Or a different color.

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Community Expert ,
Sep 06, 2022 Sep 06, 2022

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It doesn't matter what printer you are using; unless you are printing with a spot ink colour (which sounds unlikely because it would be considerably more expensive) each printer/RIP will create your brown colour with some sort of halftone dot pattern (or in the case of inkjet printers, a scatter dot pattern). You could ask the printer if they can print in a higher line screen value. Sometimes they use a lower "default" value (e.g. 150lpi, where the dots will show up more), but if you go up to 175lpi or 200lpi , this will improve the look of it, but there WILL be some sort of halftoning pattern; this is unavoidable. Also, depending on the actual CMYK mix of your "brwon", if there's a slight misregistration, your lines will look fuzzy with colour fringes. Again, this is the limit of the technology.

 

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Community Expert ,
Sep 07, 2022 Sep 07, 2022

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A high resolution inkjet or digital printer will produce a fine pattern that is close to invisible.

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Community Expert ,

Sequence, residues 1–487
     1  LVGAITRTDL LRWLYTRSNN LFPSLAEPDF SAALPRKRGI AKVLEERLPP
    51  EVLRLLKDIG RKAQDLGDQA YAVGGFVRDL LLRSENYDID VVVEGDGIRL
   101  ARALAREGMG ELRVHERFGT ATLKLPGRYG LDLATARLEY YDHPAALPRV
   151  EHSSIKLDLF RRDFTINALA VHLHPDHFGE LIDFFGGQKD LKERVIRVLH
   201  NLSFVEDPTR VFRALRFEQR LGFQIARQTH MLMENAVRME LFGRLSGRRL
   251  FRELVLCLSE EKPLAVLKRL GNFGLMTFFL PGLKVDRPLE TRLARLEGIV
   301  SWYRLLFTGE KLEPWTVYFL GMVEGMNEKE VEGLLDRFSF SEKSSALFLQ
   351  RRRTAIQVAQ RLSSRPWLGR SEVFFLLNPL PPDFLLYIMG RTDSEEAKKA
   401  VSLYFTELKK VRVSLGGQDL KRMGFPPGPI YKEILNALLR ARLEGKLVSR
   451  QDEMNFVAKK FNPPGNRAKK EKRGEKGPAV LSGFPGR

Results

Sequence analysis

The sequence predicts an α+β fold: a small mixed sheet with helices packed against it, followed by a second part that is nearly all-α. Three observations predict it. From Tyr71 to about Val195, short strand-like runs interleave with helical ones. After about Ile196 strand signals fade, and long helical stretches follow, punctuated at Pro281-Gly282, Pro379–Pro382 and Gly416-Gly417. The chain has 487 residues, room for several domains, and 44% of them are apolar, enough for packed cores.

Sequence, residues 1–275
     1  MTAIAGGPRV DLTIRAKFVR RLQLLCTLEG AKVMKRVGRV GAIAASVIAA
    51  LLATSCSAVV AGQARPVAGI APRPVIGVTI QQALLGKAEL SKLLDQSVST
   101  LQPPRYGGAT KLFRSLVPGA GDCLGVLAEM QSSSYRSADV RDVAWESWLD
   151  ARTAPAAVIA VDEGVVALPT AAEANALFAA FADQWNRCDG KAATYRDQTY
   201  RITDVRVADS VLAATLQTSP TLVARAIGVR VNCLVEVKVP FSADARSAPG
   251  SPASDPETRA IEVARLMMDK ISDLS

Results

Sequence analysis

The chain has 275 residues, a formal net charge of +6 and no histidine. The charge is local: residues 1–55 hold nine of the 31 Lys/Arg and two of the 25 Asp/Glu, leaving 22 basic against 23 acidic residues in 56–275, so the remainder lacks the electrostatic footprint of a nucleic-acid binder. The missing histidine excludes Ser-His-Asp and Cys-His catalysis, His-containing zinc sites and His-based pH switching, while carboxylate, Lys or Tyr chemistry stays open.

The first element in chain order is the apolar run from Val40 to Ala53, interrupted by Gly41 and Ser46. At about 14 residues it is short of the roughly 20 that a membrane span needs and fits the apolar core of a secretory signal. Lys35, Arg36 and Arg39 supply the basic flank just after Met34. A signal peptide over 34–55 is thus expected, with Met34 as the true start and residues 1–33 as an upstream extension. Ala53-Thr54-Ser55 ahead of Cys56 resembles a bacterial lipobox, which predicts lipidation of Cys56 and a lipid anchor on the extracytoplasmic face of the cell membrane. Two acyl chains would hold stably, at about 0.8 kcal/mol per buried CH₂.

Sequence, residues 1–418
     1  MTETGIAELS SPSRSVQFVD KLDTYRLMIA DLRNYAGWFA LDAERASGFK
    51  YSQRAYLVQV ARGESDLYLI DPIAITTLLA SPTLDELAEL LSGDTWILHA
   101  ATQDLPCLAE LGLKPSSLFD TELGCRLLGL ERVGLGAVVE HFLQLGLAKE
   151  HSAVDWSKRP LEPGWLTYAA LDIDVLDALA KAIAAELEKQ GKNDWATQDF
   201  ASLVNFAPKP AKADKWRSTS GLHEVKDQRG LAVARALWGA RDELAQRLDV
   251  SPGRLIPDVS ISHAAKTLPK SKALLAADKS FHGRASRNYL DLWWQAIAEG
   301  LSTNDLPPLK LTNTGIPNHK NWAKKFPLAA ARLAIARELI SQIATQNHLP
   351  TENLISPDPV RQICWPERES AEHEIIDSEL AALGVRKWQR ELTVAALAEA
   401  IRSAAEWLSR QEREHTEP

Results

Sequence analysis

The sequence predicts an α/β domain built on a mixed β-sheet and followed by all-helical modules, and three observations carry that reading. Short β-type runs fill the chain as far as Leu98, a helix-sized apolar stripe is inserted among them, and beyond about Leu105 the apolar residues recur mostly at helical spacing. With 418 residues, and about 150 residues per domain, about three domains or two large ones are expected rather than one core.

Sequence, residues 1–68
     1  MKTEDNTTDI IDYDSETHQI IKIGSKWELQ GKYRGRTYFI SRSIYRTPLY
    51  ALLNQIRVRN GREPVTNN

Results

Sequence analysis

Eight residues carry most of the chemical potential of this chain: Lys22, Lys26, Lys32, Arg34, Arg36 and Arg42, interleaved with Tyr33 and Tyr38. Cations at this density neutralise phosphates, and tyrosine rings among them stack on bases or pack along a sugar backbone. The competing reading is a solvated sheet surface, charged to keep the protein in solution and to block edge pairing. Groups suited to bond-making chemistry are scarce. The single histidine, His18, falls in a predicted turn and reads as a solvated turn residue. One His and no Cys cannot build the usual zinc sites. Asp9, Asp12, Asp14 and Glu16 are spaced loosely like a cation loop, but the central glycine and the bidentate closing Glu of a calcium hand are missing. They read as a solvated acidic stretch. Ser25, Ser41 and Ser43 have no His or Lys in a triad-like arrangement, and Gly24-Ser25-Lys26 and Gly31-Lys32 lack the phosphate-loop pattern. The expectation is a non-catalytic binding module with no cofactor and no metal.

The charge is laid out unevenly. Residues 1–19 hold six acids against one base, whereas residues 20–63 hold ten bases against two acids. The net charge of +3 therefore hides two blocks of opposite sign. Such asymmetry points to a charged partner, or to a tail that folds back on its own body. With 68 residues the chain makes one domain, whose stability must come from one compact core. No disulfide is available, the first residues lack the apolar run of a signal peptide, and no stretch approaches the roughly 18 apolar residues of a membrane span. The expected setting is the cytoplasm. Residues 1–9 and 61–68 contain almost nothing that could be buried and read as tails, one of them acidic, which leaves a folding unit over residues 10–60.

Sep 06, 2022 Sep 06, 2022

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Ask the printer if you can use a spot color, that is what your top example looks like, a single ink.

The bottom example simulates that color using CMYK inks.

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Community Expert ,
Sep 07, 2022 Sep 07, 2022

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Yes, the answer is to print a spot ink, but my guess that is beyond the budget of the OP. In any case, their bottom image looks like it was printed in greyscale/black and not in colour at all: the dot pattern looks more like it's printing a dark grey and there are no other ink dot colours as there should be. e.g.:

Screen Shot 2022-09-07 at 4.06.43 PM.png

This is a 6pt line halftoned to 175lpi.

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Community Expert ,
Sep 07, 2022 Sep 07, 2022

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You said "The top is how I want it to look". Where did you get your correct sample?